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Bolivia Approves Gazprom's Buy of Gas Project Stake

The lower house of Bolivia's legislative assembly passed a bill allowing GP Exploracion SL, a Gazprom subsidiary, to acquire a 20 percent stake in the Aquio and Ipati natural gas blocks from Total, a news report said Thursday.

The details of the deal have not been disclosed, Vedomosti reported. A Gazprom spokesman confirmed the state oil giant's intention to acquire a stake in Total's Bolivian assets. Total declined to comment on the news.

The deal will have to be approved by the Senate and signed by the president to go ahead. Total will keep 60 percent in the Aquio and Ipati blocks, while Techint Group will retain 20 percent, Kommersant reported.

Gazprom became interested in the development of Bolivian gas deposits in 2010. In the same year, Gazprom International and Total signed an agreement for the purchase.

Gazprom estimated that the Aquio and Ipati blocks contain about 176 billion cubic meters of natural gas and 15 million tons of gas condensate.

Total and Tecpetrol have drilled five prospecting wells and are currently conducting seismic surveying of the blocks.

Preliminary gas production is expected to start at the end of 2016, Vedomosti said.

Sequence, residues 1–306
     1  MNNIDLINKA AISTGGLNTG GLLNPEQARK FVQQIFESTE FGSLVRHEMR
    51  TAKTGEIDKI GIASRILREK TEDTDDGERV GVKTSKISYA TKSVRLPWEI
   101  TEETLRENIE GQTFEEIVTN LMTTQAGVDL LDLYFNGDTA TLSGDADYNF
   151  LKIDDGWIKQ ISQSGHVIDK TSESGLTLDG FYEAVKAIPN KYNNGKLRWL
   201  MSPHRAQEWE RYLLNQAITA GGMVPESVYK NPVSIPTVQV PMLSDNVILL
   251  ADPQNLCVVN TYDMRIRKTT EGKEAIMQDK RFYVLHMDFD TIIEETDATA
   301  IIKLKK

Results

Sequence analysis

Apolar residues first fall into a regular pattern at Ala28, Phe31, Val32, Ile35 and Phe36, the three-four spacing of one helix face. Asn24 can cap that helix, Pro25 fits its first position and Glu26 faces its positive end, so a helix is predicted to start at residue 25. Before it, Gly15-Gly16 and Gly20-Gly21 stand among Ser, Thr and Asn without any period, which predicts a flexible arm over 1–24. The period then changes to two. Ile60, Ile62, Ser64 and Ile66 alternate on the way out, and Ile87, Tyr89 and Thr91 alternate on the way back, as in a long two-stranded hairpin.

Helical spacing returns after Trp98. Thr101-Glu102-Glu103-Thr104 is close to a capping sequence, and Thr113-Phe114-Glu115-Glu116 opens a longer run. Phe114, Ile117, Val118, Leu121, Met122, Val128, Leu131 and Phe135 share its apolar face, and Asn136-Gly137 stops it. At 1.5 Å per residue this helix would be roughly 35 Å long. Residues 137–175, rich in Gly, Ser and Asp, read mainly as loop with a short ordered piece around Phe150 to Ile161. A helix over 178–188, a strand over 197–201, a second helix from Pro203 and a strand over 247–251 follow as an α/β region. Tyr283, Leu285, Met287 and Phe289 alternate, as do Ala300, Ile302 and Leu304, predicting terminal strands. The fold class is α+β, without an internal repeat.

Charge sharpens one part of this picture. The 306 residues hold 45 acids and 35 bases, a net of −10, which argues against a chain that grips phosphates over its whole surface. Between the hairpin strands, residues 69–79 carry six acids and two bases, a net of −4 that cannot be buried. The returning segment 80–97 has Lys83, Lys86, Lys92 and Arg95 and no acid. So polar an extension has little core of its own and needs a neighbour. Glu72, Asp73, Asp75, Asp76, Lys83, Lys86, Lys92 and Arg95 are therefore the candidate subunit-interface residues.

Valery Nesterov, industry analyst with Sberbank CIB, estimates the value of Gazprom's share in both projects at $300 million to $500 million.

Bolivia exports almost all gas produced on its territory, and Nesterov sees big potential in the region.

He noted that the adjacent Azero block, where Gazprom may also receive a 20 percent stake, was the biggest project in Bolivia with potential production capacity of up to 9.5 billion cubic meters of gas per year. That is about equal to both the Aquio and Ipati blocks' projected peak production combined.

Vladimir Milov, head of the Energy Research Institute, believes that Gazprom needs Bolivian projects mainly to prop up its status of a global company.

In his opinion, the project has limited prospects on the international market due to the need to make significant investments in the new deposits' infrastructure.

Moreover, Bolivia does not have sea access, which means it will always have to rely on its neighbors, Argentina and Brazil, for logistics.

"In prospect, Bolivia will hardly be able to become a big player on the international market," Milov said.

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